The typical music enthusiast relies on music to lead the motions of their day. In transit, reality is subtly faded by the tunes in one’s ears. Lunch break might also welcome an escapist opportunity for a song or two. If going to the gym, music can aid in the process; or, in a more focused environment, we might find the right mentality in something particularly mellow. At the end of a long day, we throw on a record, relax, and let the notes twinkle in our minds as we begin to wind down.
All of these activities require different amounts of energy that are dependent upon the mood goals we are looking to achieve. The type of music you choose to accompany these activities with can directly influence the achievement of said final mood goal.
We’ve established that we will choose to play certain music based on our existing mood, activity, or energy level; but perhaps we should consider flipping the order and consider how these musical decisions might be able to effect our emotions. If we no longer want to be sad, we can listen to happy music. If we no longer want to be tired, we can listen to upbeat music. At first, this may seem obvious, but there is a science behind this very particular reasoning.
Music has a direct effect on our hormones; it can even be considered a natural antidepressant. This is because certain tunes cause the release of serotonin and dopamine (neurotransmitters) in the brain that lead to increased feelings of happiness and well-being. It also releases norepinephrine, which is a hormone that invokes feelings of euphoria.
Our emotions, therefore, become direct results of rhythm and tone in the music of the present moment. With the heart synced to the rhythms pulsing through our ear drums, it is no wonder we become sad when listening to slower, more depressing songs; or the opposite, as we become overjoyed by feelings of excitement and energy when listening to more upbeat, positively stimulating songs. This is because our hearts and our brains are intrinsically connected (though at times they may seem inappropriately disconnected).
For evidence, Yuna L. Ferguson conducted two experiments for The Journal of Positive Psychology about becoming happier with music. Specifically, her findings led to the understanding that: “the effect [of music] was both self-directed and psychological: participants were told to try to feel happier while either listening to upbeat or neutral music. The upbeat tune listeners came out on top as far as overall impressions of happiness.”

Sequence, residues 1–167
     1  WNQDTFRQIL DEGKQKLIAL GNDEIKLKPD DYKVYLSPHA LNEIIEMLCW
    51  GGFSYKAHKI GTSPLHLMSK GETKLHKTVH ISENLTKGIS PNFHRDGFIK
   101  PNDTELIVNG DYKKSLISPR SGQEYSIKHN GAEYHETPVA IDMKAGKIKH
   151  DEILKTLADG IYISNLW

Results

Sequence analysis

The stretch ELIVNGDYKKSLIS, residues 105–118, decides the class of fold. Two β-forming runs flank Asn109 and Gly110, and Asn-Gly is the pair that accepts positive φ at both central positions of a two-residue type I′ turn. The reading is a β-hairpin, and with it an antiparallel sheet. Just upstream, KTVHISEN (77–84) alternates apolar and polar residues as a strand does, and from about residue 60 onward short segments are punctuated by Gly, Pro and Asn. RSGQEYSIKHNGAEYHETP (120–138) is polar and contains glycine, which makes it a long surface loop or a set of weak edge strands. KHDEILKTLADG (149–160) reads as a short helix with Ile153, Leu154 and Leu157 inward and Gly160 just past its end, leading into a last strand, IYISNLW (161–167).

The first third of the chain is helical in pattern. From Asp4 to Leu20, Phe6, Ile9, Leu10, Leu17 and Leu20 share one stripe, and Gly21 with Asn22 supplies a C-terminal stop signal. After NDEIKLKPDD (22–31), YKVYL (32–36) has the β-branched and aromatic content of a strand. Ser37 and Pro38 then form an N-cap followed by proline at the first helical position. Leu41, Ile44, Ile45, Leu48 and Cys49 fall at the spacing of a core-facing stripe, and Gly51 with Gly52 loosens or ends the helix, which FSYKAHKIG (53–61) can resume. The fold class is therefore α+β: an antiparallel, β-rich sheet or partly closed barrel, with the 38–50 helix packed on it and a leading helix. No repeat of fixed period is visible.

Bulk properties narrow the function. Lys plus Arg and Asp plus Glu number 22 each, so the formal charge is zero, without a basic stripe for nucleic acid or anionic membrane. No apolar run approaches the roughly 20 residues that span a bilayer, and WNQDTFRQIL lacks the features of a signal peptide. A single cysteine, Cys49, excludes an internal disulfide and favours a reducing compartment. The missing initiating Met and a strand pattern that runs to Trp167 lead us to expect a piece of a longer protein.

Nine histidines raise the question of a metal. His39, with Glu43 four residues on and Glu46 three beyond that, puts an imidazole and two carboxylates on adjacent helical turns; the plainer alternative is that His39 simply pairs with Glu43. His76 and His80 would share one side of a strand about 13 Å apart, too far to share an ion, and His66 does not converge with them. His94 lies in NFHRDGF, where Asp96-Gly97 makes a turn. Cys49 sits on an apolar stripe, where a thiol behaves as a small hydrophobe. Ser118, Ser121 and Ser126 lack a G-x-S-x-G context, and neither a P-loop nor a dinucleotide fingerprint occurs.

There is, also, an opposite to this thesis, because sometimes it’s healthy to release feelings of anger or sadness, and music can aid as a therapeutic device in doing so. Are you familiar with the phrase, “getting the Led out”? Yeah. The American Music Therapy Association defines music therapy as “the clinical and evidence-based use of music interventions to accomplish individualized goals”. With happiness being the ultimate goal, music therapy is a natural way to achieve it, whether it is through a release of unwanted feelings, or a stimulated provoking.
Listening to slower, sad music releases feelings of depressive association or relatedness; and likewise, listening to music with aggressive tones can help release the built up anger. All in all, music therapy is both self-directed and psychological, and leads to the release of emotion.
As far as achieving happiness, the primary conclusion is clear: Being the cognitive warriors that we are, we have the ability to manipulate our own moods based on the type of music we listen to. So the next time you are feeling sad, throw on a record you know makes you happy, or just listen to the Grateful Dead.
Some more practical listening tips from Yuna L. Ferguson, as a result of her experimentation:
Listen to upbeat music in the morning. Hormones related to that “get up and go” you feel in the morning begin to peak at around breakfast-time. Encourage this activity, along with your brain’s response to it, by putting on some light, easy and cheery music shortly after you awaken each morning.
Decrease your anxiety with soothing music and meditation. Anxiety and sadness/depression often go hand in hand, feeding on one another to lower your mood. Set aside time each day to meditate to soothing music, such as classical music, soft rock, MP3s of wind chimes, wind or soft tones.
Choose “directed tones.” Pioneers in the field of music, tones and mood are creating more and more pieces aimed at not only speaking to the brain, but actually directing it to achieve changes you’d like to feel. One example of such pieces is the science of binaural beats, or tones played in each ear individually. These produce rhythms that the brain automatically begins to follow, creating the mood you want.
Give yourself breaks between listening and not listening to music. It’s fun to have music on as a background all day, but in the initial stages of training your brain to respond happily, you want it to sense a definite distinction between your therapeutic tones time and downtime.
Don’t overdo it on fast music or hard rock. As fun as hard rock is, don’t listen to it non-stop. Eventually the quickened heart beat response will begin to produce a vague message of anxiety to your brain. Do keep listening to the tunes you love, but save them for when you really want to get up and dance.
Rhythm and tone can have a definite impact on your happiness – and on your life. Listen to the right set of tones and you can begin to feel the effects more quickly than you’d ever dreamed.